My Kid Could Paint That

Watch My Kid Could Paint That

  • PG-13
  • 2007
  • 1 hr 22 min
  • 7.1  (3,483)
  • 74

My Kid Could Paint That is a documentary film from 2007 which explores the world of abstract art and the controversy that surrounds it. The movie focuses on the story of Marla Olmstead, a four-year-old girl from Binghamton, New York, who gained international fame for her paintings that were praised by art critics and sold for thousands of dollars.

The movie follows Marla's parents, Laura and Mark Olmstead, as they navigate through the media frenzy and public scrutiny that their daughter's talent attracts. The filmmakers, Amir Bar-Lev and J. Clay Tweel, examine the question of whether Marla's paintings are genuinely created by her or if she is being coached by her parents to create them.

The film begins with the footage of Marla painting in her family's basement, something she had been doing since she was two years old. As her paintings gain recognition and attention, artists, collectors, and journalists from all over the world begin to show interest in Marla and her work. The public debate about Marla's talents and skills intensifies when 60 Minutes airs a segment about her in 2004, leading to the Olmsteads being accused of being frauds.

The documentary delves into the contentious dynamics of Marla's family, with her father, Mark, being a passionate supporter of her art and her mother, Laura, being more skeptical and tentative about the whole issue. As the controversy deepens, the film raises concerns about the role of art critics and how much their opinions shape the art world.

My Kid Could Paint That features many interviews with art experts, gallery owners, and collectors who have either lauded Marla's work or questioned its authenticity. The film also includes footage of the Olmsteads in their day-to-day life, revealing their struggles to balance their newfound fame with their family responsibilities.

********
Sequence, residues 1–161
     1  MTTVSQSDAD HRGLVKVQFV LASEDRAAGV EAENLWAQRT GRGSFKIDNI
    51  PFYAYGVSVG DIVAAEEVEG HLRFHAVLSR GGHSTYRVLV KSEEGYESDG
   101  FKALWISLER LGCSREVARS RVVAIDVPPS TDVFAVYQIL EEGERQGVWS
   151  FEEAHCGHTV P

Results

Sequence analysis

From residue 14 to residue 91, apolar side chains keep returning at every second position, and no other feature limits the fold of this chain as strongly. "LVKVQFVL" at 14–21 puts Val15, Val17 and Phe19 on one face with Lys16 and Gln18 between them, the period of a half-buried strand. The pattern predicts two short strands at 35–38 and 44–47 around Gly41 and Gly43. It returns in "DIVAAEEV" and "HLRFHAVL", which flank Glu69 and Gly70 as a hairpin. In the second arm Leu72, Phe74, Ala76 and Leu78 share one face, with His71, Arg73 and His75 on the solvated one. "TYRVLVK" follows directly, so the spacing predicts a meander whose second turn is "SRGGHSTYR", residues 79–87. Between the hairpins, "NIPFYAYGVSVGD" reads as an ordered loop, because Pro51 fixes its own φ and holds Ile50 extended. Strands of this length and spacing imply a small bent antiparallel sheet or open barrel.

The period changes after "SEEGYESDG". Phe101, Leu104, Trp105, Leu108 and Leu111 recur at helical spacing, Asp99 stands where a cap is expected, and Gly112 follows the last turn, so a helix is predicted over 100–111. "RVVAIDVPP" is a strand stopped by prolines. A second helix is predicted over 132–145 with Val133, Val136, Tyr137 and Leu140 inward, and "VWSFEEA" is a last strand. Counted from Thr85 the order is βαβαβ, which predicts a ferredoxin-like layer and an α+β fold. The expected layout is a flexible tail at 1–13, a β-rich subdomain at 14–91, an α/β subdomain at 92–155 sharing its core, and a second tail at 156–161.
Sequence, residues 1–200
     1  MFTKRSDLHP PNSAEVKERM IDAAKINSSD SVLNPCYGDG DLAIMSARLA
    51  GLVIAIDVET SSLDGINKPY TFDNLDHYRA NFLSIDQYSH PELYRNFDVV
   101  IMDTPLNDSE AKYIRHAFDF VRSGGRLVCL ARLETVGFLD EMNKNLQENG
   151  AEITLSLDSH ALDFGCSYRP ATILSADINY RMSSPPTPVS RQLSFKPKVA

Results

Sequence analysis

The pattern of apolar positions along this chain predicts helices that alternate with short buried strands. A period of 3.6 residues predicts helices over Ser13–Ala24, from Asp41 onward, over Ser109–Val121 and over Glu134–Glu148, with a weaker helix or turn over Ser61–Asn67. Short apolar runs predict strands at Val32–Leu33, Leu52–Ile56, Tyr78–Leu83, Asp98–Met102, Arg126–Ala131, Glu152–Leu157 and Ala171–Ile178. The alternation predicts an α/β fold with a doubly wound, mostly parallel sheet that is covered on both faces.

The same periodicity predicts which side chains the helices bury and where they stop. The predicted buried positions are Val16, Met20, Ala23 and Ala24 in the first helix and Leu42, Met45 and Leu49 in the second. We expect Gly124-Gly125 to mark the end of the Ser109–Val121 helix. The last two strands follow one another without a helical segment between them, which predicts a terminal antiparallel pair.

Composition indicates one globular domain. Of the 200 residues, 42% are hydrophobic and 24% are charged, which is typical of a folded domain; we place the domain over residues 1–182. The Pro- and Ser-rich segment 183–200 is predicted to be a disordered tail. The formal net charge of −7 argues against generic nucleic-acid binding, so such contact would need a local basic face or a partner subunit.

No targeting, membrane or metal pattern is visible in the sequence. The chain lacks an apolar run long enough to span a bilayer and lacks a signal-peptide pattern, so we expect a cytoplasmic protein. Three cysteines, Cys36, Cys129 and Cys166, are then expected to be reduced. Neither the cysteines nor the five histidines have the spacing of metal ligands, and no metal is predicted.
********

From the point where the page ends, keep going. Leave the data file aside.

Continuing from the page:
The documentary takes a thought-provoking look at the nature of creativity and the meaning of art. It raises important questions about the relationship between art and commerce, and whether the value of a work of art lies in its creation or in the story behind it.

Throughout the film, Bar-Lev and Tweel offer no definitive answers to the central question of Marla's talent. Instead, they present a complex and nuanced portrait of a family caught up in a media firestorm and grappling with issues of creativity, authenticity, and trust.

In the end, My Kid Could Paint That asks whether it is possible to separate the image of Marla from her paintings, and whether art can be judged on its own merits, without the hype and controversy that often surrounds it. It is a fascinating exploration of the art world, childhood, and the human need for recognition and validation.

My Kid Could Paint That is a 2007 documentary with a runtime of 1 hour and 22 minutes. It has received mostly positive reviews from critics and viewers, who have given it an IMDb score of 7.1 and a MetaScore of 74.

My Kid Could Paint That
Where to Watch My Kid Could Paint That
My Kid Could Paint That is available to watch free on Pluto TV and Tubi TV. It's also available to stream, download and buy on demand at Amazon Prime, Apple TV, Amazon, Google Play, YouTube VOD and Vudu. Some platforms allow you to rent My Kid Could Paint That for a limited time or purchase the movie and download it to your device.
  • Release Date
  • MPAA Rating
  • Runtime
    1 hr 22 min
  • Language
  • IMDB Rating
    7.1  (3,483)
  • Metascore